White House takes on gas price critics

March 12, 2012 at 7:08 PM
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WASHINGTON, March 12 (UPI) -- The Obama administration defended President Barack Obama's energy initiatives against a backlash by U.S. voters over the high price of gasoline at the pump.

All options to address rising gasoline prices -- including tapping the Strategic Petroleum Reserve -- are on the table, Interior Secretary Ken Salazar said Monday during a news briefing on a progress report on energy security.

"[All] options are at the table because the president obviously feels the pain that the American people are facing with respect to gas prices," Salazar said.

Noting how gas prices can play into politics, he said "every time you have oil and gas price shocks occurring, you have all the political rhetoric in the country rising to the highest volume that it could be raised."

While all scenarios would be considered, White House press secretary Jay Carney said, "We're not going to talk about the SPR [Strategic Petroleum Reserve] with any specificity, and I would simply note that the president is very cognizant of the impact that the high prices at the pump are having on American families, as they struggle to make ends meet."

A Washington Post-ABC News poll released Monday indicated 65 percent of Americans disapprove of Obama's handling of rising gas prices, while 26 percent approve.

AAA's Fuel Gauge Report said the average price for a gallon of regular unleaded gasoline Monday was $3.801, up from $3.506 a month ago.

Obama was making sure the Justice Department reconstituted a working group intended to ensure no fraud, speculation or price-gouging was occurring because of the higher prices and will review other options.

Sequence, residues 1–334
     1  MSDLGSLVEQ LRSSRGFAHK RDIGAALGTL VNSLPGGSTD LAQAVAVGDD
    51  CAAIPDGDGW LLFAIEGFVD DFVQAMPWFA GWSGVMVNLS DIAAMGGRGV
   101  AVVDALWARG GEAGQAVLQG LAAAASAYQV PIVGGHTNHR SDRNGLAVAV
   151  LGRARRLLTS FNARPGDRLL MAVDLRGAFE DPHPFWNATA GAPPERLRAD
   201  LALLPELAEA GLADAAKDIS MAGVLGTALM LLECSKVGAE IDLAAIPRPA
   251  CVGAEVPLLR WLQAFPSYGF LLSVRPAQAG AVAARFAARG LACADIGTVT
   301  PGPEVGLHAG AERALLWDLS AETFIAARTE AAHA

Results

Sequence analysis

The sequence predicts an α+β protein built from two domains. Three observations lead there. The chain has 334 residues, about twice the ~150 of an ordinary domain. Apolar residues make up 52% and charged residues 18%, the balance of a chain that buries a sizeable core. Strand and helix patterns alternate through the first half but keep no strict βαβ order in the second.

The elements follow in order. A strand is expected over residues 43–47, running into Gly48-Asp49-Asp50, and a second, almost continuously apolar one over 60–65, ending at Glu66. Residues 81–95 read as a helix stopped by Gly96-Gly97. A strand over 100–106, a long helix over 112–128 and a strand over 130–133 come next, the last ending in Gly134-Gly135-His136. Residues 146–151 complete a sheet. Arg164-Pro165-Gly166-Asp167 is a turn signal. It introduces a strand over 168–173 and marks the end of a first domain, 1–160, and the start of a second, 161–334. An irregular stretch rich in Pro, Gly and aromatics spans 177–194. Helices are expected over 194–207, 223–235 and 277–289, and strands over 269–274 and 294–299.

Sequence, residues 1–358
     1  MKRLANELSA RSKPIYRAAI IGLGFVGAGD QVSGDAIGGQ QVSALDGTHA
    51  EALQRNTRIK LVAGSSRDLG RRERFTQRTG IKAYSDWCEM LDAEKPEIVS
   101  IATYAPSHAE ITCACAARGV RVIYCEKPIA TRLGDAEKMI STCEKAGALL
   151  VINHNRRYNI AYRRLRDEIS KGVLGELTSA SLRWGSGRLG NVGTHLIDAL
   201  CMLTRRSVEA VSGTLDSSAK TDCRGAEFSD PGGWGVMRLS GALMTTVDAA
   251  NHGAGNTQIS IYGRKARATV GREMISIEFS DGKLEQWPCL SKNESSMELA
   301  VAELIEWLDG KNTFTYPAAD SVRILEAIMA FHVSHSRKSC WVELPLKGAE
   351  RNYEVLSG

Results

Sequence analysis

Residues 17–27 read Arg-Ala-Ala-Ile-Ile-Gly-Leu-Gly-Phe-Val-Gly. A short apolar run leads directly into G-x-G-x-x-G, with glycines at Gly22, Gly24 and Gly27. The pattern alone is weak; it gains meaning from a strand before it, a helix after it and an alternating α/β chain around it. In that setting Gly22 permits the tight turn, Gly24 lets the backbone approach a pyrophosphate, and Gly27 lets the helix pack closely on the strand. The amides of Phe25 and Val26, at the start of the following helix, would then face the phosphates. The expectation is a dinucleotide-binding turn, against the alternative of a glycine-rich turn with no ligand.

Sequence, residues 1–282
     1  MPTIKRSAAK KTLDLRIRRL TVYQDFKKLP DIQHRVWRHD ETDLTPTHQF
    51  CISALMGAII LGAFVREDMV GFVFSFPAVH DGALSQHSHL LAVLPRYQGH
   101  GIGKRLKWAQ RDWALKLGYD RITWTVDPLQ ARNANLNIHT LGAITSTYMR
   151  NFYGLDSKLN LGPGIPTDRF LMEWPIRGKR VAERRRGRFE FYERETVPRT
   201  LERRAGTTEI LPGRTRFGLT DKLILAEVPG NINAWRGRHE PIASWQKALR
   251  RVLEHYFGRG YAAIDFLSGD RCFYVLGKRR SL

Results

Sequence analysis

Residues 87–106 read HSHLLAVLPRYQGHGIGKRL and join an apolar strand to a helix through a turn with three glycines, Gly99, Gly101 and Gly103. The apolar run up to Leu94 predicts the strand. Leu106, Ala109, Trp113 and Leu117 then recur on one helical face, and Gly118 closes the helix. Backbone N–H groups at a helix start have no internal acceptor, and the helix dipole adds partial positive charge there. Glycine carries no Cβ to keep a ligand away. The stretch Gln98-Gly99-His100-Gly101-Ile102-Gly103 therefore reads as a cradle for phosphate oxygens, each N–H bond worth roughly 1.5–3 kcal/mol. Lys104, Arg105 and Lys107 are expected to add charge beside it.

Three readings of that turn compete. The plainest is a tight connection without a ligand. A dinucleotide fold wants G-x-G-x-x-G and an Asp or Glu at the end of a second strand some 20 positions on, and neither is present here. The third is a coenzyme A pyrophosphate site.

Taking a swipe at Republican presidential hopeful Newt Gingrich, Carney said "it is a simple fact that any politician who pledges to the American people that he or she has a three-point plan to cut the price of gasoline to $2 or $2.50 is not on the level. You guys know it. Such a plan does not exist, at least not such a plausible plan."

Gingrich has said on several occasions he would lower pump prices to $2 or $2.50 a gallon.

The global price of oil is affected by a number of factors, some of which the United States can control and some of which it can't, Carney said.

"That's why the president is focused on the things that we can control," Carney said.

Carney said comments that the administration wasn't really doing anything to reduce pump prices to improve the acceptance of alternate energy sources were "categorically false."

"This president is absolutely committed to reducing, to doing everything we can to mitigate the effect of high gas prices on American families and to lower gas prices," Carney said. "What he is not willing to do is to look the American people in the eye and claim that there is a strategy by which he can guarantee the price of gas will be $2.50 at the pump. Any politician who does that is lying, because … that strategy does not exist."

An "all-of-the-above approach" -- including exploration and drilling for conventional energy sources, as well as solar, wind, biofuel and other alternative sources -- can limit or reduce effects of high gas prices on Americans, Carney said.

"It can also importantly reduce our dependence on foreign oil so that when there are fluctuations in the price of oil internationally, we are more insulated from the effect," Carney said.

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